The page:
South Holland man pilots his way into hall of fame
BY DONNA VICKROY firstname.lastname@example.org May 24, 2012 9:44PM
John Magon, a retired dentist from South Holland, poses at the Lansing Municipal Airport. | Matt Marton~Sun-Times Media
Updated: June 28, 2012 12:51PM
It was back in 1965 that John Magon first looked to the heavens and decided he wanted wings.
He came home from his dental practice one day and told his wife, Pat, he wanted to learn how to fly.
She said no.
“Then she said, ‘We’ll learn how to fly together,’ ” Magon said.
Thus began a lifetime of adventure for the South Holland couple.
“I went up first,” Magon said of that initial lesson in a tail-wheel airplane. “Then she handed me baby Garrett (the youngest of their four children) and went up next. Her mother thought we were crazy.”
That insanity trickled right down to their children, all of whom are commercial pilots.
Magon and three other Midwest aviation devotees on Wednesday were inducted into the Illinois Aviation Hall of Fame.
Though his wife wasn’t there to cheer him on — she died in 2002 — Magon said he couldn’t be more excited.
“This is an unexpected honor,” he said. “I never thought I’d be considered for it.”
He was nominated by the South Suburban Chapter of the Illinois Pilots Association. Chapter president Wayne Babiak has known Magon for 35 years.
“He’s very pro general aviation. He promotes light plane flying and he’s very big on safety. He is truly deserving of this honor,” Babiak said.
Magon grew up on Chicago’s Southeast Side. He attended Wilson Junior College before being placed on the active Navy list during the Korean War.
“When I was in the service, I turned down the opportunity to enter the Navy Air. What did I know? I was young,” he said. “I didn’t have any interest in flying then.”
But by the time he was 26, he had a whole new perspective and a challenging new pastime.
Just don’t call flying a “hobby.”
“Needlepoint is a hobby,” he said. “You can put it away for six months and come right back to it. You can’t do that with flying. You have to keep up with the ever-changing industry. Rules, regulations and technology change constantly.”
Flying, he said, is a transport method that has to be taken very seriously, and one must keep current.
“If you took a pilot from 1965 and put him in a fiberglass-constructed plane today, he’d be totally lost. Everything has changed since then,” he said.
Over the years, Magon has logged 12,000 hours flying and 8,000 hours of instruction. He is a founding member of the RPM flying club. He coordinated and ran the All Illinois Air Tour and is current safety chair of the Flying Dentists Association. He also is a former president of the Illinois Pilots Association and continues to work as a flight instructor.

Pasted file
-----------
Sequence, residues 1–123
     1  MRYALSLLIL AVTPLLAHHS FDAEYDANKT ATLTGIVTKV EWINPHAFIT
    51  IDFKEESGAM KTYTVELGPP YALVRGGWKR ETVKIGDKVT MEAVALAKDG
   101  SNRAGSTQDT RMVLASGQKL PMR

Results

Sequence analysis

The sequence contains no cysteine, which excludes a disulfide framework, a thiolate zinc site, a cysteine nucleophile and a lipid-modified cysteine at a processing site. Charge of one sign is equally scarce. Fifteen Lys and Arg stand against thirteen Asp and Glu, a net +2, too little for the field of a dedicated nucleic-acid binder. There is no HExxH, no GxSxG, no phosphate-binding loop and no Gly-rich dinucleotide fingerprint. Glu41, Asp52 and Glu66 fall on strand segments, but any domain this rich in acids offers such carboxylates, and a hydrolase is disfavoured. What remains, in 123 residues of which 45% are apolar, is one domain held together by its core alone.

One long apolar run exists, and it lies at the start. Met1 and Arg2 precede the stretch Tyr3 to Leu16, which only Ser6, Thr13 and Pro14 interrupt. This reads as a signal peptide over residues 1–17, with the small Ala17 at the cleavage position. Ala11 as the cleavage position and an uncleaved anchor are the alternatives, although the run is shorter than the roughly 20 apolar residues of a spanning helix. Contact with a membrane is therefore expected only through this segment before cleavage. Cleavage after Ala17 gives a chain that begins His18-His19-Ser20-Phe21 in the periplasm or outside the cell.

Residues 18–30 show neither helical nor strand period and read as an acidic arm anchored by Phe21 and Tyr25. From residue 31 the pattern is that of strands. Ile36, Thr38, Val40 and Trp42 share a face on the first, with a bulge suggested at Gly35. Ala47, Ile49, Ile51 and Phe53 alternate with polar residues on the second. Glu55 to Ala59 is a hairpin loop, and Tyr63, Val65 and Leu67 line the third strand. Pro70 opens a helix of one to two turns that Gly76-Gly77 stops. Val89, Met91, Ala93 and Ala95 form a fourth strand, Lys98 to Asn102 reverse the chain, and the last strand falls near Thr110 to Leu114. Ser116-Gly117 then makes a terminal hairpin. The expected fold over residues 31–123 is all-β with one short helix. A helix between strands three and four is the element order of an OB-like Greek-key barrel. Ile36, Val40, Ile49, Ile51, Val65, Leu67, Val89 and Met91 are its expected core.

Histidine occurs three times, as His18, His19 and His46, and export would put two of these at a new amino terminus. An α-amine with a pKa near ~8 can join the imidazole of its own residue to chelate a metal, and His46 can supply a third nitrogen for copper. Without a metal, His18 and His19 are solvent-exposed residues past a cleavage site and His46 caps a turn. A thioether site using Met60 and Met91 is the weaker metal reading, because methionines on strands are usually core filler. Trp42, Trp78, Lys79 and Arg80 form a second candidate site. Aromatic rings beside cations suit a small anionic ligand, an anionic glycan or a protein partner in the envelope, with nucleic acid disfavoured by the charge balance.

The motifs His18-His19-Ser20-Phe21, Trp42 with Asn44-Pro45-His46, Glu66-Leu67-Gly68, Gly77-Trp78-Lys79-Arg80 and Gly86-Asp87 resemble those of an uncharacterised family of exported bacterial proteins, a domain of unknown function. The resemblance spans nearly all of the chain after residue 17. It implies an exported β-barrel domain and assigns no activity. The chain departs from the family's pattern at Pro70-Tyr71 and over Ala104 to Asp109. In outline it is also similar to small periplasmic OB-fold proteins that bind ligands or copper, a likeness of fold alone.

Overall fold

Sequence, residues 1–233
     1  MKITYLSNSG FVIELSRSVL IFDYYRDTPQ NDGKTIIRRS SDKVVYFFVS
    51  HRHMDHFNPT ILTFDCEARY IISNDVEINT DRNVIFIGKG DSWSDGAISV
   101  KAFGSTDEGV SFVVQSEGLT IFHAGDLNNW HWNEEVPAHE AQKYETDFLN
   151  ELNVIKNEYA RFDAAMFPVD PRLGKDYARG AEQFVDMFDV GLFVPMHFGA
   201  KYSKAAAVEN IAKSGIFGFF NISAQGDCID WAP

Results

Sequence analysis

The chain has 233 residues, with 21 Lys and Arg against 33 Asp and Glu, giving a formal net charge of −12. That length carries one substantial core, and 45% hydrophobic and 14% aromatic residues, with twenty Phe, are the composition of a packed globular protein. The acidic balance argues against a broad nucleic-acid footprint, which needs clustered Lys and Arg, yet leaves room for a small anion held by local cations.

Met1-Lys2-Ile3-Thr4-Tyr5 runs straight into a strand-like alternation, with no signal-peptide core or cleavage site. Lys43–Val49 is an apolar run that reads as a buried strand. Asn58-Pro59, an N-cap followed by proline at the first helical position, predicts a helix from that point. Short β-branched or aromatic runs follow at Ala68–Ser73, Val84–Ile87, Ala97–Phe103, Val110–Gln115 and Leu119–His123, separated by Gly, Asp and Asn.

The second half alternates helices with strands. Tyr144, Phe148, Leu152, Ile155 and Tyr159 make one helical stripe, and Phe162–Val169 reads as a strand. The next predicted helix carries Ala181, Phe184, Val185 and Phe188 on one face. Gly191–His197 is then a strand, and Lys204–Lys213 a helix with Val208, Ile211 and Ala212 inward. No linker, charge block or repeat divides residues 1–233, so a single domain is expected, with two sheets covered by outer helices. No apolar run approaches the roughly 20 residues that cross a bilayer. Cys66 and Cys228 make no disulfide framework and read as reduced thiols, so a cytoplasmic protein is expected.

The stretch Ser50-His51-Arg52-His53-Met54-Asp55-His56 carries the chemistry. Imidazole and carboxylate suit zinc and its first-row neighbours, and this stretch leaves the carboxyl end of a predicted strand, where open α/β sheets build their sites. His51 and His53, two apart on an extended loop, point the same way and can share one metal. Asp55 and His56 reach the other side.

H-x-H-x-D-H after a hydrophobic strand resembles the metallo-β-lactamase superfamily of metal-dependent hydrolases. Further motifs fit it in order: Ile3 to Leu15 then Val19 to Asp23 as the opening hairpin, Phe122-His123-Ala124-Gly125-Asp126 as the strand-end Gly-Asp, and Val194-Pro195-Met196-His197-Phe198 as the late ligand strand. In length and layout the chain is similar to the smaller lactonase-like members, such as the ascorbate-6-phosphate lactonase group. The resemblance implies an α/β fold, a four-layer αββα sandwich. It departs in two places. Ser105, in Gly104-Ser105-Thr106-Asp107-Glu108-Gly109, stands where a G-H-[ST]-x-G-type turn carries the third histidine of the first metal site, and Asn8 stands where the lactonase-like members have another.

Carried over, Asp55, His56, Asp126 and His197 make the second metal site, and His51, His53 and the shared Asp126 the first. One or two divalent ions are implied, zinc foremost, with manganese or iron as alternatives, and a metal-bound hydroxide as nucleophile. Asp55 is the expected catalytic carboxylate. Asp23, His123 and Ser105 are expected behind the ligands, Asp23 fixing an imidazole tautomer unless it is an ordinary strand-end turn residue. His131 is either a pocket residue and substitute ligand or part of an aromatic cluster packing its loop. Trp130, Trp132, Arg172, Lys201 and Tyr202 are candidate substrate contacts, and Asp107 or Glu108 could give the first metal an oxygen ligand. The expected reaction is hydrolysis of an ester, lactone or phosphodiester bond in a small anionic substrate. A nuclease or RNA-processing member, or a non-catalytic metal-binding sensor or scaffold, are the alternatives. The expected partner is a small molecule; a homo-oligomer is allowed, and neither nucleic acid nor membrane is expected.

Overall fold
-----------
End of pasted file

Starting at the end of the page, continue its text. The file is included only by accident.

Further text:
Magon, 79, retired from dentistry in 2001 but has remained active in the South Holland community, supporting Holy Ghost Church and School as well as the Elizabeth Seton Academy Scholarship Fund.
Flying remains his passion.
“Flying opens up a whole new world for you,” he said. “It introduces you to a bunch of people you wouldn’t otherwise meet.”
Magon said both he and Pat liked being able to travel in any direction, stopping wherever they pleased. The couple frequently flew out of the Lansing and Gary airports. They traveled to all four corners of the country, visiting Washington, southern California, Maine and Florida, as well as Canada and the Bahamas.
“I miss her,” Magon said of his wife. Not only was she his partner, she frequently handled all the charts and radio communication.
“But she’s with us; she’s everywhere,” he said.
Even as Magon was speaking of his wife, two of his children were in the air. Kate was captaining an American Airlines Boeing 767 from London Heathrow Airport to O’Hare. Michael was flying from Atlanta to Turkistan on Omni Air. Meanwhile, Christopher, who captains a 767 for American, had the day off. And Garrett was trying to get his dad’s Cessna 310 off the ground at Martha’s Vineyard, where it made an emergency landing after the throttle cable separated and he was forced to shut down an engine.
Losing an engine is not necessarily a catastrophic event.
“We’ve lost engines on landing before. When you lose an engine, you glide,” Magon said. “In all my hours of flying, I’ve had only three instances in which the airplane let me down.”
The perception that flying is unsafe is not a fair one, he said.
“If you die in an ordinary fashion, no one knows about it. But if you die in an aircraft, the whole world will hear about it,” he said.
A calm demeanor makes for good pilots and good instructors, he said.
“If you lose control of yourself, you lose control of the plane,” he said.
For more information on the Illinois Aviation Hall of Fame, visit ilavhalloffame.org.